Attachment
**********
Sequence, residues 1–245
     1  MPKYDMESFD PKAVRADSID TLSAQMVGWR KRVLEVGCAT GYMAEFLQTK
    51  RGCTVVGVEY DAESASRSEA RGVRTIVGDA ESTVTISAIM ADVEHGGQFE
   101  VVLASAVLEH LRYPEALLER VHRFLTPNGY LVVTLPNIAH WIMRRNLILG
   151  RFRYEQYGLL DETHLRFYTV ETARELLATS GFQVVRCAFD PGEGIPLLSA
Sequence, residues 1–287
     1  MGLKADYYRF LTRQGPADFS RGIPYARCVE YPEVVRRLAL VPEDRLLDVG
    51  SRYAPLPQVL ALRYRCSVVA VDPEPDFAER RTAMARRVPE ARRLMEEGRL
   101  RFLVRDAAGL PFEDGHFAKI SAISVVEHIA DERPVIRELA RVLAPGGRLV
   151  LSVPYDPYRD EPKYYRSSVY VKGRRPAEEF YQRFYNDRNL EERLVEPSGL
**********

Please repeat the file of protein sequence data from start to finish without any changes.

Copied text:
Sequence, residues 1–245
     1  MPKYDMESFD PKAVRADSID TLSAQMVGWR KRVLEVGCAT GYMAEFLQTK
    51  RGCTVVGVEY DAESASRSEA RGVRTIVGDA ESTVTISAIM ADVEHGGQFE
   101  VVLASAVLEH LRYPEALLER VHRFLTPNGY LVVTLPNIAH WIMRRNLILG
   151  RFRYEQYGLL DETHLRFYTV ETARELLATS GFQVVRCAFD PGEGIPLLSA
Sequence, residues 1–287
     1  MGLKADYYRF LTRQGPADFS RGIPYARCVE YPEVVRRLAL VPEDRLLDVG
    51  SRYAPLPQVL ALRYRCSVVA VDPEPDFAER RTAMARRVPE ARRLMEEGRL
   101  RFLVRDAAGL PFEDGHFAKI SAISVVEHIA DERPVIRELA RVLAPGGRLV
   151  LSVPYDPYRD EPKYYRSSVY VKGRRPAEEF YQRFYNDRNL EERLVEPSGL